September 29, 2011

Tiny peppercorns give Cambodian food a big boost



Phnom Penh – The hunt for heat is part of the lure of many Asian cuisines. China has its addictive, mouth-numbing Sichuan peppercorn. Thailand has the "do I dare" burn of the bird's eye chili.

In Cambodia, heat comes in the form of a Kampot peppercorn, tiny but bursting with spice and an additional depth that ranges from citrus to nutty.

Grown in the Kampot province in Southern Cambodia, this special pepper reached its hey-day in the mid-20th century, when chefs in Europe prized its unique strength and flavor.

The pepper disappeared off the world stage though in the 1970s, when the destructive Khmer Rouge regime isolated Cambodia from the outside world. Farmers neglected their pepper fields and exports from Cambodia were cut off.

Now the farmers of Kampot are trying to rebuild their industry.

Nguon Lay's family had grown peppers for four generations and he is now the head of Kampot Pepper Farmers' Association. He explains why Kampot pepper is different from that of other provinces.

"The location here is good," he says. "It has clay mixed with sand and the talent of the farmers who have learned from their ancestors since the 13th century."

Last year, the Government of Cambodia granted Kampot pepper geographical indication (GI) status, the same kind of trade label that goes on products like Champagne or Gorgonzola cheese. The distinction is a first for the country and it prevents peppers produced in other places from being called Kampot Pepper.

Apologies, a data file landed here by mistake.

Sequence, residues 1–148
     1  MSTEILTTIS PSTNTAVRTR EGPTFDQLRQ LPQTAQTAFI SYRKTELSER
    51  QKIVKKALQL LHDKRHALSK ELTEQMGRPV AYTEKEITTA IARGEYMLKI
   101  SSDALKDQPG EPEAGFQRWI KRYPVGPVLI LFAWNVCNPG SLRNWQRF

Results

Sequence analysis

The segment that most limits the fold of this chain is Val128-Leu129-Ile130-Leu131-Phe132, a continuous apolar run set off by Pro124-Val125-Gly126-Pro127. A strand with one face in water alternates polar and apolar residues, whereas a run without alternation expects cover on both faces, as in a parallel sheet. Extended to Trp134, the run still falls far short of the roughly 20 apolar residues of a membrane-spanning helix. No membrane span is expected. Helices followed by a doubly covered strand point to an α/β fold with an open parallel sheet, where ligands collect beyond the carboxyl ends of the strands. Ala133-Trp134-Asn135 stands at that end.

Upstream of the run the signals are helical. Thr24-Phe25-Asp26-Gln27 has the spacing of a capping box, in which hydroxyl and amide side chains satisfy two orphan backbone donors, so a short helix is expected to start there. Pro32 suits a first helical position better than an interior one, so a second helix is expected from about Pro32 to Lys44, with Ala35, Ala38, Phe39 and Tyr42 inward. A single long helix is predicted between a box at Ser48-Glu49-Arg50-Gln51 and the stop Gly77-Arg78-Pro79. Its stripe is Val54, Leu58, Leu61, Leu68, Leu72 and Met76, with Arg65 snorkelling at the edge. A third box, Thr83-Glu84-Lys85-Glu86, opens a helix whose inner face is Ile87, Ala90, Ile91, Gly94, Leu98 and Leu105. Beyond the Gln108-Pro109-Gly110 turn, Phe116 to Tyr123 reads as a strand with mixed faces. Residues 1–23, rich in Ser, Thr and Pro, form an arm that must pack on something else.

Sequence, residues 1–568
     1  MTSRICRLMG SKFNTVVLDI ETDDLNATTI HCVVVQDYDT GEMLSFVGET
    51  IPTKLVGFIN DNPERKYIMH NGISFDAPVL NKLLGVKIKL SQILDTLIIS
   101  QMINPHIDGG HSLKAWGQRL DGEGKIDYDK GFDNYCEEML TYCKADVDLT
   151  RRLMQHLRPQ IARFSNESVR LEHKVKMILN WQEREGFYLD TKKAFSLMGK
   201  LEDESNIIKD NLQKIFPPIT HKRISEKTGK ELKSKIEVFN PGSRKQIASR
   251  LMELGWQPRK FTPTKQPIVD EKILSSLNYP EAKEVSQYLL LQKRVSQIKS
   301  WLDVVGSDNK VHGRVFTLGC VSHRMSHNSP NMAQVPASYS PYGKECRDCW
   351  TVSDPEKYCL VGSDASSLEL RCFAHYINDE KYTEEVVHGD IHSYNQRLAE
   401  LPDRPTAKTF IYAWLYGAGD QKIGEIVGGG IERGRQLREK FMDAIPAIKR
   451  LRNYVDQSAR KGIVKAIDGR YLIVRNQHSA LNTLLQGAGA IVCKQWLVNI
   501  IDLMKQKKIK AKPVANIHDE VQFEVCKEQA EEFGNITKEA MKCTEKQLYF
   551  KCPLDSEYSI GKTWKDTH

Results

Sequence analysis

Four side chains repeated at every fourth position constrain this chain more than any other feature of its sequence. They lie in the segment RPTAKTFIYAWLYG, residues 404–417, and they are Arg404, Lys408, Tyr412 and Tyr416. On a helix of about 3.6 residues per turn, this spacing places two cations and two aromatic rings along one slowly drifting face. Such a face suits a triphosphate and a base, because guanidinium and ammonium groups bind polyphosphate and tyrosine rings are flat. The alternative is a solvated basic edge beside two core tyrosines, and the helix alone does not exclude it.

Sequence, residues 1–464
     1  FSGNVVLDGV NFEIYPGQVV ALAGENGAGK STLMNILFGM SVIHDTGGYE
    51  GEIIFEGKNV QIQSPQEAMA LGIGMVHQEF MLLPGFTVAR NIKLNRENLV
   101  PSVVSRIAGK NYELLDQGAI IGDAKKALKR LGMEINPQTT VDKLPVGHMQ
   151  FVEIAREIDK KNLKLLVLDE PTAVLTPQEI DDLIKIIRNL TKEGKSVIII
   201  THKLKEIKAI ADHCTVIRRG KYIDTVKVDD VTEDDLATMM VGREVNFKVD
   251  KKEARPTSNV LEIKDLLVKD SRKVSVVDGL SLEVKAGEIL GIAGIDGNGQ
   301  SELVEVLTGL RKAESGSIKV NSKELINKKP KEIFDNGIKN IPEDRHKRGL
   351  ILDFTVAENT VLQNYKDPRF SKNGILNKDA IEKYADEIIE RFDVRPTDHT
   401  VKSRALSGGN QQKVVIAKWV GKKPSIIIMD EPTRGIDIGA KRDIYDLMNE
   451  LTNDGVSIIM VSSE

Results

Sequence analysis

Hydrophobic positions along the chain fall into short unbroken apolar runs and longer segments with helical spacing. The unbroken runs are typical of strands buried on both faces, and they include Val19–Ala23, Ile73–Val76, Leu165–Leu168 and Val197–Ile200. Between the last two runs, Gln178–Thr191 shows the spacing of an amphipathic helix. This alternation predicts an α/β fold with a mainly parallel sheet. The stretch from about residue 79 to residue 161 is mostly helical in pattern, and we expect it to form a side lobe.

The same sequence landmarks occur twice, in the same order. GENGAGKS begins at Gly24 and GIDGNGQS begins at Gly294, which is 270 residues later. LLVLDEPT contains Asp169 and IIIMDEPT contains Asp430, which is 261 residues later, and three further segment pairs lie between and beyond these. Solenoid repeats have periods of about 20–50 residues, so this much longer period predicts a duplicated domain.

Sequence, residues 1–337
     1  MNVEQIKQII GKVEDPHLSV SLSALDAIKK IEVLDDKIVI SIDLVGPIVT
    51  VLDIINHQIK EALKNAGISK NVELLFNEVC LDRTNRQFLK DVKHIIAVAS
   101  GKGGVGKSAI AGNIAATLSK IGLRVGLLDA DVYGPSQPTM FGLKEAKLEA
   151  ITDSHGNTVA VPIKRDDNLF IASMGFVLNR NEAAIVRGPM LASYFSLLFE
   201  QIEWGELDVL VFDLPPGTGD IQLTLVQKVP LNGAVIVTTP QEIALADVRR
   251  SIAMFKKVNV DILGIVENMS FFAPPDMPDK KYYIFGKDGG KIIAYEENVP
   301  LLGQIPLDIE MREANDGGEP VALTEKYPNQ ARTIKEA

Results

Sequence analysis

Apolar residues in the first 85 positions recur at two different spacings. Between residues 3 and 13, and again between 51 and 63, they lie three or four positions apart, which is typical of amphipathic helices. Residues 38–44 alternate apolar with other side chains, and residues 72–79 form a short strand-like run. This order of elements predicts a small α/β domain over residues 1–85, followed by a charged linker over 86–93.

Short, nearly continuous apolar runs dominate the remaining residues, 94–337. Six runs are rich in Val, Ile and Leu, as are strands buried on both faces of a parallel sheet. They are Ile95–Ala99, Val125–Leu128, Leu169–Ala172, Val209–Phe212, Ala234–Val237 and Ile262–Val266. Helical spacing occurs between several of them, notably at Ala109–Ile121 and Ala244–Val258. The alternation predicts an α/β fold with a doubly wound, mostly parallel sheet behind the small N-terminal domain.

Nguon Lay says that his prices have gone up 10 to 20% since the product got GI status.

"After we got geographical indication our product got even more famous and even the European Union is recognizing it," he says.

His association is already sold out of pepper for the year, with a new harvest expected in February.

Cambodian food is often overshadowed by that of its larger neighbors Thailand and Vietnam. Kampot pepper's GI designation could help raise the profile of the nation's cuisine

The peppers feature in many of Cambodia's most famous dishes.

Hun Li Heng, a chef that teaches cooking classes in Phnom Penh, says the fresh, green peppers, still on the vine, are used in stir fries and signature dishes like Kampot pepper crab. The sun-dried black peppers are ground as a seasoning for beef or added on top of green peppers for some extra bite.

"It has much stronger smell than other peppers," he says.

If you would like to try Kampot Pepper yourself, an organization called FarmLink distributes it in Europe, Asia and Australia. You can also order from them online, but the shipping charges to the United States are high.

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